The Congress and the Bharatiya Janata Party (BJP) on Sunday made it clear that there was no scope for a third party in India-Pakistan bilateral ties.
Commenting on Minister of State for External Affairs Shashi Tharoor's remarks on Saudi Arabia's potential as an interlocutor in India's relations with Pakistan, a source close to Congress president Sonia Gandhi said: "India's position on 'no' to third-party mediation in India-Pakistan issues is unchanged. There is no change in the Congress position."
BJP spokesman Prakash Javadekar reiterated India's known stand that no third party can intervene in issues between India and Pakistan.
“Tharoor's remarks are objectionable. The prime minister must explain such irresponsible remarks,” Javadekar told IANS.
“We will raise the issue in parliament. The prime minister must explain. The government stands exposed on flip-flops over foreign policy issues,” he said.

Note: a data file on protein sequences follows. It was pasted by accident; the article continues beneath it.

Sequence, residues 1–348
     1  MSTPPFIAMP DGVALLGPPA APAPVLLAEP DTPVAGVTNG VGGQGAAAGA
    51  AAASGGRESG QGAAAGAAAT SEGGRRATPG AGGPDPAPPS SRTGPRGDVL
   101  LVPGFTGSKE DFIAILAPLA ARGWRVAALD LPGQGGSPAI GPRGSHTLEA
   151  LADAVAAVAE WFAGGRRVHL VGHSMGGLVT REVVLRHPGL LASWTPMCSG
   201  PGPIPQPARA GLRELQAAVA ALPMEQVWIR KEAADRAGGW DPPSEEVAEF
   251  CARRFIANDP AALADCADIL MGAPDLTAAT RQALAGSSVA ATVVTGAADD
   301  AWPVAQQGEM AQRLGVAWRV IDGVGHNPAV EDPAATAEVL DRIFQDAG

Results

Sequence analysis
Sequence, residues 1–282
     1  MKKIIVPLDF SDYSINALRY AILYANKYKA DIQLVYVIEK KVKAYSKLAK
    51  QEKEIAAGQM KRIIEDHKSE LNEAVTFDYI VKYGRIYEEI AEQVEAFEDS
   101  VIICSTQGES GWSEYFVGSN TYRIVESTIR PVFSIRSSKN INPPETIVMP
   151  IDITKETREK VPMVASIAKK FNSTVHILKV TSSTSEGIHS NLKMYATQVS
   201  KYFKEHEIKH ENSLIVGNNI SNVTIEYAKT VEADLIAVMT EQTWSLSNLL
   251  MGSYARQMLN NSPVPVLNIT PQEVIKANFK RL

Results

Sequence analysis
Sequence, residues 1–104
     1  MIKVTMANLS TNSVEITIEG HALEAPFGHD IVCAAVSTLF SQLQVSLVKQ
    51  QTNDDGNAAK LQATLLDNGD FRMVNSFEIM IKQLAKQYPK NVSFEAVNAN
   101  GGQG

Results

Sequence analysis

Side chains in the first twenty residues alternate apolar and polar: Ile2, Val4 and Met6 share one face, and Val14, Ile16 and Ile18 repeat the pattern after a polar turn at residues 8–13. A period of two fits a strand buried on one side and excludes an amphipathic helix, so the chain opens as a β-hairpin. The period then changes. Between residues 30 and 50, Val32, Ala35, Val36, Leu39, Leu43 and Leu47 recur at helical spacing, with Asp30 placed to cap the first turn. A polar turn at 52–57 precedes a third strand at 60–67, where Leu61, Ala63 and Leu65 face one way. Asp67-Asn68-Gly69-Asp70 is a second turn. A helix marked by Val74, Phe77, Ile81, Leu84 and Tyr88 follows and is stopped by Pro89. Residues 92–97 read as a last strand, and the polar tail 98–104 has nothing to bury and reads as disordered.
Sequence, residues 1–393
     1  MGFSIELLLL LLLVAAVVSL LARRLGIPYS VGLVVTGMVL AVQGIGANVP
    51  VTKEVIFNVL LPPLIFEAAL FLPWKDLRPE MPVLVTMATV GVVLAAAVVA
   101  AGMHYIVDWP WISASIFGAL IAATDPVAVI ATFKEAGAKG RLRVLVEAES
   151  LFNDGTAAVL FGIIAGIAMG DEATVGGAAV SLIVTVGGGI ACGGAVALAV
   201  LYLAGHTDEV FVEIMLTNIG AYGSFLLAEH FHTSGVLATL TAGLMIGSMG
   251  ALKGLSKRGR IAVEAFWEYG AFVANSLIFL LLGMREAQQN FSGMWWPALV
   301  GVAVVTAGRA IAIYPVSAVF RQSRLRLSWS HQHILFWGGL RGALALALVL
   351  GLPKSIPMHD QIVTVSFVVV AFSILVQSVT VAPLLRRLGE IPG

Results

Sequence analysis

Tharoor, who is accompanying Prime Minister Manmohan Singh on his three-day official visit to Riyadh, said: "We feel Saudi Arabia has a long and close relationship with Pakistan and that makes Saudi Arabia a more valuable interlocutor to us."
He was asked if India would seek Saudi support to influence Pakistan to address Indian concerns over terrorism emanating from Pakistani territory.
As a mini-storm erupted over Tharoor's remarks, he clarified that New Delhi's desire to seek Riyadh's support on terrorism related issues with Islamabad did not mean giving it the role of a mediator in India-Pakistan disputes.
He said he had never used the word 'mediation' or 'mediator' while talking about a possible Saudi role.
"No chance of my saying Saudi Arabia should be a mediator... Never said that or anything like it," Tharoor said a couple of hours after the media publicised his earlier remarks.
India is firmly opposed to any third party role in its relations with Pakistan.